Truck Driving for a Living

All across the world there is a need for transportation. Not just individuals who drive themselves and their families to work and school daily, but professionals who transport products and materials across counties and countries for a living. In the United States these truck drivers, or truckers as they are commonly known, keep the country in motion by transporting all kinds of goods such as produce, livestock, fuel, and pretty much everything else to stores and markets. It’s not only consumers who need truck drivers though. Businesses also need goods, supplies and equipment shipped. It would not be possible for factories and other businesses to function efficiently if there was not an affordable and effective method for transporting goods from one point to another.

The need for truck drivers is pretty obvious, but what is it like to be a driver? There are three main types of truck drivers, the first being owner operators. Owner operators are full time dedicated professional drivers who own their own truck and either lease their truck with a company to supply transportation to them or work for a number of different companies transporting at their own discretion. The benefits of this type of trucking would be owning your own truck and being able to choose what you transport.

The second type of truck drivers are company drivers. Company truck drivers are employees of a particular trucking company who drive a truck provided to them by the company. These professional drivers do any number of different driving jobs depending on which company they work for and what that company prefers to handle. This type of employment might be well suited to new truck drivers to get them oriented and experienced to the lifestyle of driving before investing in a truck of their own, and for individuals who just aren’t sure they want the responsibility that goes along with owning their own truck.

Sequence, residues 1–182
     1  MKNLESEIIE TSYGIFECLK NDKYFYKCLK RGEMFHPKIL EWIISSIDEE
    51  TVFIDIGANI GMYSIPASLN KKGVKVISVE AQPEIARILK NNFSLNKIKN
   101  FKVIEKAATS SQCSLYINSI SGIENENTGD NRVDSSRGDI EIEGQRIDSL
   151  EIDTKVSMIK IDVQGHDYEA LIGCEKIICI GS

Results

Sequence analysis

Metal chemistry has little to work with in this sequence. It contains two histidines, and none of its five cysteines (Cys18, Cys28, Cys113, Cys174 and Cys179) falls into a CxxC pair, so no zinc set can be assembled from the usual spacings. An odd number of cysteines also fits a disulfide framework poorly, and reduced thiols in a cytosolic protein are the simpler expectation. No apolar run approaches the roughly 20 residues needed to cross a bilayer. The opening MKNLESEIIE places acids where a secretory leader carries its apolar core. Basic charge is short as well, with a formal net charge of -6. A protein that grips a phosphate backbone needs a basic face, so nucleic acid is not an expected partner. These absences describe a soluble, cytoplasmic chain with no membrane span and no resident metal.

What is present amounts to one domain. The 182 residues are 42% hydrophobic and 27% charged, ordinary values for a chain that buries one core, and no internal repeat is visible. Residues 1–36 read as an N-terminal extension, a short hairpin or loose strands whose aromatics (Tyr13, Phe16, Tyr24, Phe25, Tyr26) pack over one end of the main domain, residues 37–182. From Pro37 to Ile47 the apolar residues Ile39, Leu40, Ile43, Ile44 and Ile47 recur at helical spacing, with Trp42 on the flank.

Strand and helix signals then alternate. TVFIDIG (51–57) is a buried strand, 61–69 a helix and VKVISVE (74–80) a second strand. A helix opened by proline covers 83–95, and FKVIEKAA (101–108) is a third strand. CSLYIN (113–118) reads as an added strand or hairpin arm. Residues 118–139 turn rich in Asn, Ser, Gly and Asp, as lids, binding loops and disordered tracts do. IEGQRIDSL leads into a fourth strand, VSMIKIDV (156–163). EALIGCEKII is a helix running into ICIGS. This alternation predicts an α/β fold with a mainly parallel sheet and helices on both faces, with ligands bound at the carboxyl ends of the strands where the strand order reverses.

The third type is the independent owner operator. The difference between independent and non-independent owner operators is that the independent operator owns their own authority to transport. It is not uncommon for independents to own a small fleet, anywhere from one to ten trucks. Owning a fleet can substantially boost a driver’s income, but it is more to manage. Owning a fleet is like owning a small business and needs to be handled as such.

Regardless of the different type of drivers, transportation jobs offer a wide array of work. There are various categories of trucking to consider when it comes to hauling products. Auto haulers transport vehicles which requires a special trailer and training for the loading and unloading of different types of vehicles. Boat haulers transport anything from ten foot fishing boats to sixty foot yachts. This also requires a special trailer. Dry van drivers transport all kinds of materials across highways in large trailers, the contents of which are generally nonperishable goods. There are dry bulk pneumatic drivers who transport things like sand, salt, and cement. The specialized trailers these drivers use allow them to utilize pressurized air to unload their trucks. Drivers with flatbed trailers usually move large bulky materials like steel pipe and lumber. Local delivery jobs where the goods are delivered and unloaded by the driver at multiple locations are known as “less than load” drivers. This is just the tip of the iceberg when it comes to transportation jobs for truck drivers.

Another major distinction when it comes to drivers is whether they are long-haulers, regional drivers, or team drivers. Long-haulers, also known as interstate drivers and over the road drivers, are truckers who cover thousands of miles and are gone from home for a week or more. Regional drivers work in and around their state and are usually only gone from home for a short time. Team drivers are two people who take turns driving the same truck. This work often appeals to husband and wife drivers. This also works for people in different states who split up the driving to keep from being away from home for as long. Regardless of the type of driver or truck they are using, from around the town to around the country, you can count on thousands of professional and dedicated truck drivers to keep our goods and economy moving in the right direction!